U.S. home sales surged in June, a sign the U.S. housing market may have hit bottom and is starting to rebound, but two big U.S. companies, diversified manufacturer Honeywell and health insurer Aetna, saw economic weakness continuing.

The mixed signals on the U.S. economy followed data showing loans to private businesses and homes in the European Union grew at their slowest annual pace on record in June, a negative sign for the world economy.

European stocks climbed to the highest level in more than eight months, while U.S. stocks rose slightly as disappointing corporate results ended a two-week rally that had lifted all major U.S. indexes about 11 percent.

Sales of new single-family homes in the United States rose 11 percent in June, the largest monthly rise since 2000, while the inventory of homes for sale fell to an 11-year low, the Commerce Department reported.

The rising sales are an indication the housing sector, which led the United States into the longest recession since the Great Depression of the 1930s, may have put the worst of the crisis behind it and the U.S. economy may be pulling out of its deep slump.

The data will reinforce the developing thinking that the housing market has bottomed and that the economy has stabilized and will grow in the third quarter, said Jim Awad, managing director at Zephyr Management in New York.

In the cocktail of the market, it will be viewed positively and will add credence to the bulls, who think we will have a rebound in the markets going forward, he said.


U.S. stocks opened lower on reduced outlooks from Honeywell Inc (HON.N) and Aetna Inc (AET.N), but turned positive on the good housing news and finished with a small gain as investors bought bank shares that had lagged in the recent rally.

The better-than-expected data on new home sales underpinned financial stocks, as investors snapped up the shares of several regional banks, which had been among the worst hit by credit losses tied to a weak housing market.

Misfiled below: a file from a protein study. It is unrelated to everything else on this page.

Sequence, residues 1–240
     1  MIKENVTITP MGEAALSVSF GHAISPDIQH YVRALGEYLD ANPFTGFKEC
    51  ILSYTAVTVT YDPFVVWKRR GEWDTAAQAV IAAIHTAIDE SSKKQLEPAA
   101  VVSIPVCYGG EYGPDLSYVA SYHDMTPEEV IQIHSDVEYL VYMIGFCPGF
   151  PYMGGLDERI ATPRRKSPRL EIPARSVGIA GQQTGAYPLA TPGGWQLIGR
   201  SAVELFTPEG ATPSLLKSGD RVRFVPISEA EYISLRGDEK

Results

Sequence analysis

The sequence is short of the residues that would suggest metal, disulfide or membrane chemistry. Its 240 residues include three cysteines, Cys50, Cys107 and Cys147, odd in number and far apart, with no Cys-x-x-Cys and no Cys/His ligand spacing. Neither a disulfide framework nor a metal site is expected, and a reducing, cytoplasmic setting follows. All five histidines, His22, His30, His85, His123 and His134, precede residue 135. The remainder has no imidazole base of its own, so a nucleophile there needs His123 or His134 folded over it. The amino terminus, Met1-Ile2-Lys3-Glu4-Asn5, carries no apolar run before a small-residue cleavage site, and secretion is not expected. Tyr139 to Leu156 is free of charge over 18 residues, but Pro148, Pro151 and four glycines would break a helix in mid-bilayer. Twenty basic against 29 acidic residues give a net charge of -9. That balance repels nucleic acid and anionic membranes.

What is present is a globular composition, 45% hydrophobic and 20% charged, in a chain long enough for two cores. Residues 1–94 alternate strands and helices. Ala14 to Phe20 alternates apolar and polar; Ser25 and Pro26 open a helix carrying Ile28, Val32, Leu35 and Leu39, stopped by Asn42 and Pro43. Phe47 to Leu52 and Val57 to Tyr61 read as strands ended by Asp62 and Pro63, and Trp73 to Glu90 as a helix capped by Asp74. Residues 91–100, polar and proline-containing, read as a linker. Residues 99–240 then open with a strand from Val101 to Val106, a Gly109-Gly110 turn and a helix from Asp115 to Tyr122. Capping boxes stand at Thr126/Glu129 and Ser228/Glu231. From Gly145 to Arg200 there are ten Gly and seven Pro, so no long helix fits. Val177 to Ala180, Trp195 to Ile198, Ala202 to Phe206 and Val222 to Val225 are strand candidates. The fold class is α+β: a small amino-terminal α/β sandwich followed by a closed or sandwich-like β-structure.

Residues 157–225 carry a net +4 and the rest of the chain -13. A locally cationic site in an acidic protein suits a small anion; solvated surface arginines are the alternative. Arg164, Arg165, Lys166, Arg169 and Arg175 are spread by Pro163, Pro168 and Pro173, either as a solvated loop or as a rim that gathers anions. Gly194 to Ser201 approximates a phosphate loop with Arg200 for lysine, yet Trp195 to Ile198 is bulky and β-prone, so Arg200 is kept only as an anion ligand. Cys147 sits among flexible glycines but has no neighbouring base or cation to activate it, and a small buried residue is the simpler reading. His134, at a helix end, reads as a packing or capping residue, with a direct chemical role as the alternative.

The Dow Jones industrial average .DJI was up just 15.27 points, or 0.17 percent, to finish unofficially at 9,108.51. The Standard & Poor's 500 Index .SPX was up 2.92 points, or 0.30 percent, closing at 982.18. The Nasdaq Composite Index .IXIC was up 1.93 points, or 0.10 percent, at 1,967.89.

Honeywell, the world's largest maker of cockpit electronics, reported a 38 percent drop in earnings, cut its full-year profit forecast and said the recession was matching up to its worst expectations.

Shares of No. 3 U.S. health insurer Aetna shed 2.7 percent to $25.72 after the company, one of the biggest U.S. providers of employer-based health insurance, cut its outlook, citing higher-than-projected medical costs.

Honeywell said the outlook remains cloudy, setting the stage for a mixed session today, said Peter Cardillo, chief market economist at Avalon Partners in New York. The market has come up rather sharply, so obviously it is poised for some profit-taking.

The U.S. dollar fell to its lowest level in more than seven weeks against a basket of currencies as the jump in U.S. new home sales encouraged investors to take on more risk and dimmed the greenback's safe-haven appeal.


In Europe, stock markets gained ground on mounting optimism over a recovery in corporate profits that has fueled the sharp two-week rally on stock markets worldwide.

European equities climbed to the highest level in more than eight months on Monday as a better-than-expected earnings season improved sentiment.

Yet loans to euro-zone businesses and households grew at the slowest annual pace on record in June, European Central Bank data showed on Monday, with weak demand from companies and households eating into growth.

Annual loan growth to the private sector slowed to 1.5 percent in June from 1.8 percent in May, the lowest level since data series began in 1992. Economists believe this is due to subdued demand rather than a credit crunch. [nLR234743]

In Britain, corporate credit conditions improved in the second quarter of the year, partly as a result of asset purchases by the Bank of England, the central bank said. [nLR154913]

Buoyant energy stocks and miners helped Britain's top share index rise for a record-equaling 11th straight session, though gains were limited by falls on Wall Street. LR318956

The FTSE 100 .FTSE was up 9.52 points or 0.2 percent at 4,586.13, hitting its highest closing level since January 5.

The index has risen 11 percent over the past two weeks on reassuring U.S. corporate earnings results, and is up 32.5 percent since hitting a six-year trough in March.